How would I know if my child is using drugs?

Often there are not any clear signs that a person is using drugs. The following are things to look out for, but remember that most of these can occur for lots of different reasons and may be unrelated to drug use. 

  • Changes in usual behaviours like loss of interest in school, hobbies, friends
  • Changes in appetite and sleep 
  • Mood swings and irritability 
  • Missing money or valuables or accruing debts 
  • Find substances or materials for using substances - lighters, cigarette papers, grinders, scales


Why do young people use drugs?

Despite what popular media may have us believe, the majority of young people do not use drugs, and the majority of those who do will not go on to have a drug problem in adulthood.

There are many different reasons that young people use drugs and alcohol, below are just a few:

  • To relax
  • To cope with stress or worries/ anxiety or low mood
  • To rebel or be different 
  • To fit in with peers 
  • To feel more confident
  • To satisfy curiosity

How do I talk to my child about drugs or alcohol?

The following tips can help your chat about drugs and/or alcohol to go smoothly:

  • Firstly, it helps if you do a bit of reading first, so you know a bit about drugs and alcohol. Try the FRANK website.
  • Pick the right time - don't do it just after an argument, or whilst they are engrossed in their X-box game!
  • Chats like this can be really stressful, but try to stay calm. The more calm you are, the more the conversation will be open and honest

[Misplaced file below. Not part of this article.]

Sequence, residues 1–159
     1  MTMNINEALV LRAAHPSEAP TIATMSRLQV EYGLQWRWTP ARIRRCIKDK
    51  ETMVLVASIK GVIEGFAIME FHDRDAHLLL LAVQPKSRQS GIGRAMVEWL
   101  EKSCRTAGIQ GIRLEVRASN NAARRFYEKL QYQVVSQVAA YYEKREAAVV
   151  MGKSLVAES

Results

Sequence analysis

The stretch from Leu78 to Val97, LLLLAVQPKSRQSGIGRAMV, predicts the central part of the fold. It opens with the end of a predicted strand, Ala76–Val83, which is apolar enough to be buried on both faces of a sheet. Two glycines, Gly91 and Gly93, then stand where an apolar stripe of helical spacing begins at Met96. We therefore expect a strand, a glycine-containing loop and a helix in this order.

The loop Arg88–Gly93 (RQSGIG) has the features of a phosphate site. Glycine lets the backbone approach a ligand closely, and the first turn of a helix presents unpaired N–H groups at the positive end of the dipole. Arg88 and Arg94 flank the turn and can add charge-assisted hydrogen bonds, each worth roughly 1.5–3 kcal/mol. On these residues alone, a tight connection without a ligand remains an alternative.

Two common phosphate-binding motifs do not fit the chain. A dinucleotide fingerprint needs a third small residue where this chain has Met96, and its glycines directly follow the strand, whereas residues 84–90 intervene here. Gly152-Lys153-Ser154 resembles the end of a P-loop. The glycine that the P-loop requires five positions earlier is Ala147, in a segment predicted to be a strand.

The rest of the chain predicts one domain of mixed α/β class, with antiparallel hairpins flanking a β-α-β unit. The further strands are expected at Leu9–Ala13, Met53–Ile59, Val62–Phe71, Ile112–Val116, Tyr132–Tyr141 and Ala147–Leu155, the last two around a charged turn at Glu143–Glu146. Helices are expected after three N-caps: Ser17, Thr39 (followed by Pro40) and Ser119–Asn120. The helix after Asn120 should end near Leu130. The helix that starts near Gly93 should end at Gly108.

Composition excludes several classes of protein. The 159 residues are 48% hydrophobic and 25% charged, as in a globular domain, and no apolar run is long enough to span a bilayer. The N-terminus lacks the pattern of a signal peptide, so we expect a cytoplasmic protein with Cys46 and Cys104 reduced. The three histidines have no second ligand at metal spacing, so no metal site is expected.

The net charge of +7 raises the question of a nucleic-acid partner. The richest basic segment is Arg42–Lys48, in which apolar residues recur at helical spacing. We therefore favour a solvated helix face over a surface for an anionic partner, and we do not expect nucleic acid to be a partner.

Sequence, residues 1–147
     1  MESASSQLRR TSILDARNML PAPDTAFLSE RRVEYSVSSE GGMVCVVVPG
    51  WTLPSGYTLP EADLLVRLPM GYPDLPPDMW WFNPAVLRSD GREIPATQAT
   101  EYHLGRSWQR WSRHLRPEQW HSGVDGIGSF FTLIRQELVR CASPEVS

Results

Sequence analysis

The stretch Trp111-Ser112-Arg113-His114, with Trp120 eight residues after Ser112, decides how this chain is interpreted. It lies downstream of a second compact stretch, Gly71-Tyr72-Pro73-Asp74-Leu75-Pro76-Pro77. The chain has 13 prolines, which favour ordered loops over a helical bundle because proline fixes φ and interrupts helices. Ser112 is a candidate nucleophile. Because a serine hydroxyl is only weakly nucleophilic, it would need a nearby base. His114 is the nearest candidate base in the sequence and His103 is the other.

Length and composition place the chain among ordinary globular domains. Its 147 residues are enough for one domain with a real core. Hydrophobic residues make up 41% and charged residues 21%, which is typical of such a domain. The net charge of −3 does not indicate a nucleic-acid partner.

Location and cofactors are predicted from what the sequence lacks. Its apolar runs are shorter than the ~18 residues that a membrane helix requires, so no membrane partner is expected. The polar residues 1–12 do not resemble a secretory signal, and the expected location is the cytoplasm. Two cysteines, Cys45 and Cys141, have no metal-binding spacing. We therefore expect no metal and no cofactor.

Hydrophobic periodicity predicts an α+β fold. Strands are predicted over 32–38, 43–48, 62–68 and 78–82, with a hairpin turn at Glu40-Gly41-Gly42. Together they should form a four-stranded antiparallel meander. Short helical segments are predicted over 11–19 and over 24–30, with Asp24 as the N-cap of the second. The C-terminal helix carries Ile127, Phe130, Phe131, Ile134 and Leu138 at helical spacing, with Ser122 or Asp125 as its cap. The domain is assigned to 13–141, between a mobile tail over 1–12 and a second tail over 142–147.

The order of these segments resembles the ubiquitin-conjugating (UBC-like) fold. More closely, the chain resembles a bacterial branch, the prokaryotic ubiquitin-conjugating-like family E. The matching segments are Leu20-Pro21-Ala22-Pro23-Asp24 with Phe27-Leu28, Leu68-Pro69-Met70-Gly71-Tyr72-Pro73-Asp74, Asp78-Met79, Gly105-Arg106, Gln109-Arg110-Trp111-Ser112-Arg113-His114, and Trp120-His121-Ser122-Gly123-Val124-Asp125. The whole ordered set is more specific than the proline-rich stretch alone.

• If you want your child to talk to you about whether they use drugs/alcohol, try to set the tone as one of caring curiosity, letting them know that you are there for them whatever they say, rather than accusing them, or demanding that they talk to you (this often has the opposite effect to that desired!)

How can I encourage my child to see CASUS?

It can help to:

  • Show them our website so that they can get an idea of what we do, and what we are like
  • Remind them that we are happy to see them at home, at school, at our offices or even in Subway - which ever they find most comfortable
  • Suggest that they agree to just one appointment to begin with, and then make up their mind from there
  • Talk to them about their drug/ alcohol use and help them to think about whether or not they want to make any changes to it

 

The page was last updated on 16 August 2017 by katherine.fitton.

Cambridgeshire and Peterborough NHS Foundation Trust
Elizabeth House, Fulbourn Hospital
Cambridge, CB21 5EF

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